AbstractCharles G.D. Roberts's animal stories are regularly discussed as an attempt to create a new kind of animal character, one that is not an anthropomorphic copy of human psychology nor a one-dimensional allegory, but instead a "real" animal based on accurate observation and up-to-date science. However, since no realism is transparent, Roberts's stories cannot be expected to neutrally reproduce reality, despite their modernist techniques. Indeed, what Roberts's "animal biographies" choose to signify as "real" -- human, masculine selfhood concerned with hierarchical power structure, as well as a unified autonomous human personality as universal phenomenon -- is as important as the ways in which these notions are signified. The stories function as ideology and do the work of politics; they occupy a place in the critical narrative of the development of realism in Canadian fiction by constructing the reader as subject, "naturally predatory," material, and male.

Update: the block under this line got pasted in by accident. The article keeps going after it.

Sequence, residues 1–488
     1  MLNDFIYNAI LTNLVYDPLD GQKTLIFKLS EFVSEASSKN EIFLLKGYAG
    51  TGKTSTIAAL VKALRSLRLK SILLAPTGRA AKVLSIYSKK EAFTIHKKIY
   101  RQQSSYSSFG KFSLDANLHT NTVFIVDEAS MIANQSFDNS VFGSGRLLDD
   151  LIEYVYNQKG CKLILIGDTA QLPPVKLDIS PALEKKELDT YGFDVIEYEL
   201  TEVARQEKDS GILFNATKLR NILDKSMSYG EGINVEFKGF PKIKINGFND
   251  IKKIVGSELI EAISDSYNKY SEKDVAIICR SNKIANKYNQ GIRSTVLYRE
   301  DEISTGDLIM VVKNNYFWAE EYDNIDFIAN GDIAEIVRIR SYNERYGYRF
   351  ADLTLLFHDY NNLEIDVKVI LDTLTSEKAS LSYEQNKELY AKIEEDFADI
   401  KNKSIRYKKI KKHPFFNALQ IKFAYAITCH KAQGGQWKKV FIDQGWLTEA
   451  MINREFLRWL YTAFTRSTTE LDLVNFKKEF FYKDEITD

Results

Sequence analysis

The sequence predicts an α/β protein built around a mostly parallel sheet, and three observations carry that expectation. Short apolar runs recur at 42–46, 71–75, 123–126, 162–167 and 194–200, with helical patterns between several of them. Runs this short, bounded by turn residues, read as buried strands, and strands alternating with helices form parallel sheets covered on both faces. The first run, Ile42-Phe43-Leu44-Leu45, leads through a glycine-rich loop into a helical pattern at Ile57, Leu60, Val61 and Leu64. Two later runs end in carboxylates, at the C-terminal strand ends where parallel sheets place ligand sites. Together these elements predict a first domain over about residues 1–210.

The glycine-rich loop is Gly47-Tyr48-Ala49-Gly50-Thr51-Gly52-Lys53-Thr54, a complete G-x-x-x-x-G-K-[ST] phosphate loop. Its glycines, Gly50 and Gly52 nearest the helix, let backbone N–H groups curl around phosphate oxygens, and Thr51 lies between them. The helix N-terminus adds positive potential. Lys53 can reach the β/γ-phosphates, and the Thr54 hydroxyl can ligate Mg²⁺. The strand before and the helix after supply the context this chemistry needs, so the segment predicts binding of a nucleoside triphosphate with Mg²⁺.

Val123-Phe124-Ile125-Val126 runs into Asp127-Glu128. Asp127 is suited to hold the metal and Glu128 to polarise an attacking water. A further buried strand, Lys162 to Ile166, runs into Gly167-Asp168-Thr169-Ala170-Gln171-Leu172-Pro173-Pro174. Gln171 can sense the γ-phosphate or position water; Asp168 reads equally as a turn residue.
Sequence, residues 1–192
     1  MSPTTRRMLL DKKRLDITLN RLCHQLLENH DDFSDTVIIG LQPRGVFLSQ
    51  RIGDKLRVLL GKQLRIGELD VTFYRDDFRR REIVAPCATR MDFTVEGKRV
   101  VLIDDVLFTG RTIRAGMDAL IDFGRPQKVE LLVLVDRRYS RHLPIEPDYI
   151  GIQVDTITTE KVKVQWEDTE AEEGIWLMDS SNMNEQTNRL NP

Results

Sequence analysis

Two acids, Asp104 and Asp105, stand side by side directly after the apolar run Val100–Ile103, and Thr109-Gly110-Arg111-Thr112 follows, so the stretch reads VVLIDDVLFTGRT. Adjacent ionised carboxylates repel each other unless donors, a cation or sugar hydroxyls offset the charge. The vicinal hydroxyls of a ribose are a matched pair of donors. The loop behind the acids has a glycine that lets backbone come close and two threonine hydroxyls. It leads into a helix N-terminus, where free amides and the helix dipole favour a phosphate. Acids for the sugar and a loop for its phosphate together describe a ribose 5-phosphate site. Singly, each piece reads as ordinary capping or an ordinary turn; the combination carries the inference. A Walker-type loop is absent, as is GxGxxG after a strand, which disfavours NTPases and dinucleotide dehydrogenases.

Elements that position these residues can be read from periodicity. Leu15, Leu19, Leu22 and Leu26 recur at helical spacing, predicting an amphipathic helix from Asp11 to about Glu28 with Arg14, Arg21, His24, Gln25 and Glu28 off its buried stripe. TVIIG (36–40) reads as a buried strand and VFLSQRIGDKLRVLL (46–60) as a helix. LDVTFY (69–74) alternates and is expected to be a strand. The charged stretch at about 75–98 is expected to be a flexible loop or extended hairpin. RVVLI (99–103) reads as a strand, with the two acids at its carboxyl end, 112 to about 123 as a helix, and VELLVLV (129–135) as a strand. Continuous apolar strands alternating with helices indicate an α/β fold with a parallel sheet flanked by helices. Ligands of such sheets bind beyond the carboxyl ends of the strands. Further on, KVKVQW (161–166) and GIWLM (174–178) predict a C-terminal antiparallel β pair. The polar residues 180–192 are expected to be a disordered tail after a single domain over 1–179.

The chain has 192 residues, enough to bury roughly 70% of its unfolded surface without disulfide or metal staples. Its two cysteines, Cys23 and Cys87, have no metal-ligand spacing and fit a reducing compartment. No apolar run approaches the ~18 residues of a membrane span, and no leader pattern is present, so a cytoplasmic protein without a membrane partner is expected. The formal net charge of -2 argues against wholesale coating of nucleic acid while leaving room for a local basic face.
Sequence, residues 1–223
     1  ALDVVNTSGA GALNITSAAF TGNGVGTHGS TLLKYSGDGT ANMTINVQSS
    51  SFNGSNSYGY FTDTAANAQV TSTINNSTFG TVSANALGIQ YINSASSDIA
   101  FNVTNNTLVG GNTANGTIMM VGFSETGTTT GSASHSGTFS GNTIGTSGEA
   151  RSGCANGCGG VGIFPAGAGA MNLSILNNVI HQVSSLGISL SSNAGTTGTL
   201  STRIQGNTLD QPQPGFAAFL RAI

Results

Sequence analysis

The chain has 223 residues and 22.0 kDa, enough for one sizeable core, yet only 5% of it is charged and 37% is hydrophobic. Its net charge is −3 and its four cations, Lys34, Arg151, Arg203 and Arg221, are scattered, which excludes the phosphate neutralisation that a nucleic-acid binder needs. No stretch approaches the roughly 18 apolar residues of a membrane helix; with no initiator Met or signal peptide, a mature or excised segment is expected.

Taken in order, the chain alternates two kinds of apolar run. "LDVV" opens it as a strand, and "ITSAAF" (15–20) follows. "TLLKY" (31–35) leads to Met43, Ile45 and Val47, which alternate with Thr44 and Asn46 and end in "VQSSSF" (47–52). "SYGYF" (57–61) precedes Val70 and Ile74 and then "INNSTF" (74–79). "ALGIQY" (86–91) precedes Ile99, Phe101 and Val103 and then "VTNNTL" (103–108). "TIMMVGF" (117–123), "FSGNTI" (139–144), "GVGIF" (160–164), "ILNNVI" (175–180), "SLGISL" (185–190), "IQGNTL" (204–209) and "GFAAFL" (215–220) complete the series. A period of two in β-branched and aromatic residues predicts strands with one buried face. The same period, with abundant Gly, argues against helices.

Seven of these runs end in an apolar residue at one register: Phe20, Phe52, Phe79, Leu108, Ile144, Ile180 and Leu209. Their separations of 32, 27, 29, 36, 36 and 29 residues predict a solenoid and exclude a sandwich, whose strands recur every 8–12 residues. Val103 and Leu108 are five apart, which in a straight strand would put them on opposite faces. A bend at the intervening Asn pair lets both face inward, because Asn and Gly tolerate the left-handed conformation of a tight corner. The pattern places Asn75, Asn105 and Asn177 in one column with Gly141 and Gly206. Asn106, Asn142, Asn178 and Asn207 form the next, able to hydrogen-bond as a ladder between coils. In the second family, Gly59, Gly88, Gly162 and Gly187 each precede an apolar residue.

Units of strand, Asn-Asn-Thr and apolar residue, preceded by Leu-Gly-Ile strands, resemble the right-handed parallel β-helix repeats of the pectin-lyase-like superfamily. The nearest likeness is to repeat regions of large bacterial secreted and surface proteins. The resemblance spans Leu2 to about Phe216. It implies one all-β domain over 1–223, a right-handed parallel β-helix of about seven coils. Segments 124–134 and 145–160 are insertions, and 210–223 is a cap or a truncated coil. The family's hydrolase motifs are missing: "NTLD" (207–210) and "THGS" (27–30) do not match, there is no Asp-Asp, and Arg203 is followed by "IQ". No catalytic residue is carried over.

Permissions requests from authors to reprint their work in books or collections authored or edited by the author are granted gratis, with a requirement that acknowledgement of first publication in Studies in Canadian Literature is included in the publication. Permission requests from external sources are charged a fee at the discretion of Studies in Canadian Literature; 50% of this fee is given to the author.